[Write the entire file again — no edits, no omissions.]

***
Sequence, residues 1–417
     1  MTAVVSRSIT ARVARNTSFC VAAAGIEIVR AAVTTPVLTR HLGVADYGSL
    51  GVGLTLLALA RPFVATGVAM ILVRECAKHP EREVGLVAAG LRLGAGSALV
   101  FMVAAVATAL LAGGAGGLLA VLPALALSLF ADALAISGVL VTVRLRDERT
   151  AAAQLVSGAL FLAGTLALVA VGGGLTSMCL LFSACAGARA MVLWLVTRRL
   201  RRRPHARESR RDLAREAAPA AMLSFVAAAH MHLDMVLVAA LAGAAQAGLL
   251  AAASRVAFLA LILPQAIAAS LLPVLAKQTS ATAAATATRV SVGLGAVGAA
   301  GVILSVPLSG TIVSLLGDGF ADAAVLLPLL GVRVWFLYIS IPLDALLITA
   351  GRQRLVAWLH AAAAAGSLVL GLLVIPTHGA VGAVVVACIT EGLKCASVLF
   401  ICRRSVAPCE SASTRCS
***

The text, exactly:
Sequence, residues 1–417
     1  MTAVVSRSIT ARVARNTSFC VAAAGIEIVR AAVTTPVLTR HLGVADYGSL
    51  GVGLTLLALA RPFVATGVAM ILVRECAKHP EREVGLVAAG LRLGAGSALV
   101  FMVAAVATAL LAGGAGGLLA VLPALALSLF ADALAISGVL VTVRLRDERT
   151  AAAQLVSGAL FLAGTLALVA VGGGLTSMCL LFSACAGARA MVLWLVTRRL
   201  RRRPHARESR RDLAREAAPA AMLSFVAAAH MHLDMVLVAA LAGAAQAGLL
   251  AAASRVAFLA LILPQAIAAS LLPVLAKQTS ATAAATATRV SVGLGAVGAA
   301  GVILSVPLSG TIVSLLGDGF ADAAVLLPLL GVRVWFLYIS IPLDALLITA
   351  GRQRLVAWLH AAAAAGSLVL GLLVIPTHGA VGAVVVACIT EGLKCASVLF
   401  ICRRSVAPCE SASTRCS